The General Data Protection Regulation (GDPR) legislation that came into force in May 2018 makes it a legal requirement for businesses to securely handle, process and store data – including customer information from people visiting your company website. Adding an SSL certificate to your website helps your business be GDPR compliant.
How to choose and buy an SSL certificate
SSL certificates are available in different validation levels. You may need to factor in the cost of hiring a developer for a few hours to install the certificate, though if you buy the certificate from your web hosting company you can get them to install it. Expect to pay from around £30 to £250 per year for an SSL certificate, depending on the trust level you opt for.
There are several types of SSL certificate trust level:
- Domain Validation (DV) – This is a basic SSL certificate suitable for small businesses and websites. It includes full encryption and shows the web address as https:// along with the web browser padlock. DV costs around £30 and usually takes around 10 minutes to buy and install from your web hosting company.
- Organization Validation (OV) – This is the mid-level trust tier, and suitable for growing businesses or commercial websites running WordPress, Drupal or Joomla where you need to encrypt access to editing the site. It includes more company information in the certificate, authenticating the identity of the website. Expect to pay around £80 per year for an OV SSL certificate.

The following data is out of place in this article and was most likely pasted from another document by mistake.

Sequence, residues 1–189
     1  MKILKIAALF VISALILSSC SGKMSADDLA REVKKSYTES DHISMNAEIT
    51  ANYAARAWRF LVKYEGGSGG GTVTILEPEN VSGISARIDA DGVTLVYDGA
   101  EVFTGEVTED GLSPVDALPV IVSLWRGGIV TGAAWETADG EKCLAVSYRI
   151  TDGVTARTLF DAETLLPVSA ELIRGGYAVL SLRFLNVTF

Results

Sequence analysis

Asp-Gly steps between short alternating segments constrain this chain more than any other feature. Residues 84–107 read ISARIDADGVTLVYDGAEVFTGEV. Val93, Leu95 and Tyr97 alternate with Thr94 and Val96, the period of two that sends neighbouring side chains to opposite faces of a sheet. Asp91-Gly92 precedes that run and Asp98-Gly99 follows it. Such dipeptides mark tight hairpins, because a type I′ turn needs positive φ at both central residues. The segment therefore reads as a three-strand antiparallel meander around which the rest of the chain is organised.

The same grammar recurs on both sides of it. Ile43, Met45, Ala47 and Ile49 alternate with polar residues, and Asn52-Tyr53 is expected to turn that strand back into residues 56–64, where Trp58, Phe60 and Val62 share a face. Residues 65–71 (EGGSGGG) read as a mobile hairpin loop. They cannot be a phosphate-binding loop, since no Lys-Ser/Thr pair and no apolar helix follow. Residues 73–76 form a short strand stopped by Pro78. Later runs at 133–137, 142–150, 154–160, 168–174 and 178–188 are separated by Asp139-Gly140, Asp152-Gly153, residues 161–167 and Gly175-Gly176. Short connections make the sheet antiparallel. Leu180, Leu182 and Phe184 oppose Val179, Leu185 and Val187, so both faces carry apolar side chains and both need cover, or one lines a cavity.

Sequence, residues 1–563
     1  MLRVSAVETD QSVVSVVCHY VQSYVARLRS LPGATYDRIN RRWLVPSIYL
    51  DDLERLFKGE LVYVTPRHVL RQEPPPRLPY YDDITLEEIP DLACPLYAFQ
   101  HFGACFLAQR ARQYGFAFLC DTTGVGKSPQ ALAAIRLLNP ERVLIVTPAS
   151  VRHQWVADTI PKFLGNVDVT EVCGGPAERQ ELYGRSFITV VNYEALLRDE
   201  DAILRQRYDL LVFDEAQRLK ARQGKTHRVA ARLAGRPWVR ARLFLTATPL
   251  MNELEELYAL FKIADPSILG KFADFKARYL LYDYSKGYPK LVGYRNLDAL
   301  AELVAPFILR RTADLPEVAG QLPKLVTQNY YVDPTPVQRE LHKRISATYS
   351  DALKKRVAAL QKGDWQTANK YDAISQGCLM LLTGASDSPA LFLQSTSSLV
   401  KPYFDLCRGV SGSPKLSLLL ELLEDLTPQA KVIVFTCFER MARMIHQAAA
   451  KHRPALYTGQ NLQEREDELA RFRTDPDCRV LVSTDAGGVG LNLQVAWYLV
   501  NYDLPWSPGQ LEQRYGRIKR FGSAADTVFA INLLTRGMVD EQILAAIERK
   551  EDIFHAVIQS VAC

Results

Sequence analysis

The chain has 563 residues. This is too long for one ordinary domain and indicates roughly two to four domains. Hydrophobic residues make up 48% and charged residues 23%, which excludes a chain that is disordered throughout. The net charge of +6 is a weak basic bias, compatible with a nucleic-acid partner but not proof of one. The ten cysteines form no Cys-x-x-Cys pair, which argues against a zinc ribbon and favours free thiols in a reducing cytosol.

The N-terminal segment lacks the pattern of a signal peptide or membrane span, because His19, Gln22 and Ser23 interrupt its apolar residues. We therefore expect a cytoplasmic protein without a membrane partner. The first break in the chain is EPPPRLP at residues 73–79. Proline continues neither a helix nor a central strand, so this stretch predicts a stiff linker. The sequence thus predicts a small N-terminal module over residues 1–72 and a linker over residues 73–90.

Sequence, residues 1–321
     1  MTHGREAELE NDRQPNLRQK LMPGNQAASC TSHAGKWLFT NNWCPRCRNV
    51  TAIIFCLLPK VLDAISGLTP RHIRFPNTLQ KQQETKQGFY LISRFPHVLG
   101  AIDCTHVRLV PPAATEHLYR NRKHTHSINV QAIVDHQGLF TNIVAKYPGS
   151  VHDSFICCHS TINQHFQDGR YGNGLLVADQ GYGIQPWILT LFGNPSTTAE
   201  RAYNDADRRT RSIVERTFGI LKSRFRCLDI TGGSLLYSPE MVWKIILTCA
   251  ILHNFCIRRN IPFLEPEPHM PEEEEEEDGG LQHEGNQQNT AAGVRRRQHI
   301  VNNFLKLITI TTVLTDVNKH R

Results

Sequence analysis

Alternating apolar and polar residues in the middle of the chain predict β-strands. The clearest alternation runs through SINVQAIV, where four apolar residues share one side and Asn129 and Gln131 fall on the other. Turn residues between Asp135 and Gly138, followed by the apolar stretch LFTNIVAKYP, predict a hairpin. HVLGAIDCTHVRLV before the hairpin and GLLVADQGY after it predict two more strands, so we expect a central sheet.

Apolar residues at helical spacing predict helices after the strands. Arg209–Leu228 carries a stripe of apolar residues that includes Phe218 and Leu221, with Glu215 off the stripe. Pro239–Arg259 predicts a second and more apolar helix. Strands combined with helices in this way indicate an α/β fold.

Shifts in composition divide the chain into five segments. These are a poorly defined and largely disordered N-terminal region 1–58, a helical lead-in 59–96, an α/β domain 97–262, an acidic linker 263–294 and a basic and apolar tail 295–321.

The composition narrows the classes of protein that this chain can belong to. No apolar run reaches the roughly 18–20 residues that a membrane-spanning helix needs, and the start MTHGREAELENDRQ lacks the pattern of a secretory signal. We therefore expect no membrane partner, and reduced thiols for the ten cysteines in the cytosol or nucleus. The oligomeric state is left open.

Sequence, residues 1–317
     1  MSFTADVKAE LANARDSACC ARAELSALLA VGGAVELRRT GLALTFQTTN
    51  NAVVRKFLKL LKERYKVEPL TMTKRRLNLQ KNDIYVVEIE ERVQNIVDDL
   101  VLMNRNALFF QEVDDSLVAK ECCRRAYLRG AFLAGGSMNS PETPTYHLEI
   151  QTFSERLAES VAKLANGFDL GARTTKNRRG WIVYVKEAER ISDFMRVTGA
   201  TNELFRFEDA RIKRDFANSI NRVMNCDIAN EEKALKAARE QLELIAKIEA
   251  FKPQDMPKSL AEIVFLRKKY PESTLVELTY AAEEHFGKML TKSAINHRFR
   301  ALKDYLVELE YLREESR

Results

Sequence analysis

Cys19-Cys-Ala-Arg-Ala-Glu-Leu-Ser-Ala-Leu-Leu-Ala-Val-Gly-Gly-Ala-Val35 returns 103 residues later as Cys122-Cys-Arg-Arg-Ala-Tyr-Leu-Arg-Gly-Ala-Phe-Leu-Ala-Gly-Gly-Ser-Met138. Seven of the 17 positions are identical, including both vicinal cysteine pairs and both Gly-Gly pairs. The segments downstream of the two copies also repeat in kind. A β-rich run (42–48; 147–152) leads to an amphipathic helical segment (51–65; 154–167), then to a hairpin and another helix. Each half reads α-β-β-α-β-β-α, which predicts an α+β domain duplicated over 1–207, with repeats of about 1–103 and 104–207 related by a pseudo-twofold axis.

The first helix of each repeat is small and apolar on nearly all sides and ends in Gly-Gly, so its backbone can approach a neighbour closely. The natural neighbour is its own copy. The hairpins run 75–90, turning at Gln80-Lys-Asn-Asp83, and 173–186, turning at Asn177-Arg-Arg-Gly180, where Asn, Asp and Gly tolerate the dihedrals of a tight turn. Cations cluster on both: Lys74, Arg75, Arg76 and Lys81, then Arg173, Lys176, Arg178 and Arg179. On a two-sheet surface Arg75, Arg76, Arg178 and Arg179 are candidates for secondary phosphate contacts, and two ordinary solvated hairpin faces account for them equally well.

- Extended Validation (EV) – The highest trust level is suitable for ecommerce stores and websites dealing with lots of customer data. Companies applying for this level have to meet fairly stringent criteria. It adds more detail into the certificate, and when visitors visit your website they’ll see a green padlock in the web browser address bar with the brand name of the business. Expect to pay up to £250 per year for an EV SSL certificate.
All three levels include the same encryption and add both padlock and https:// to the web browser, as well as meet Google and GDPR requirements.
Tight budget? You can get a free Domain Validation SSL certificate from Let’s Encrypt – a non-profit dedicated to helping secure websites. Many web hosting companies will request a Let’s Encrypt SSL certificate on your behalf and install it. Check with your web host to see if they support free Let’s Encrypt SSL certificates.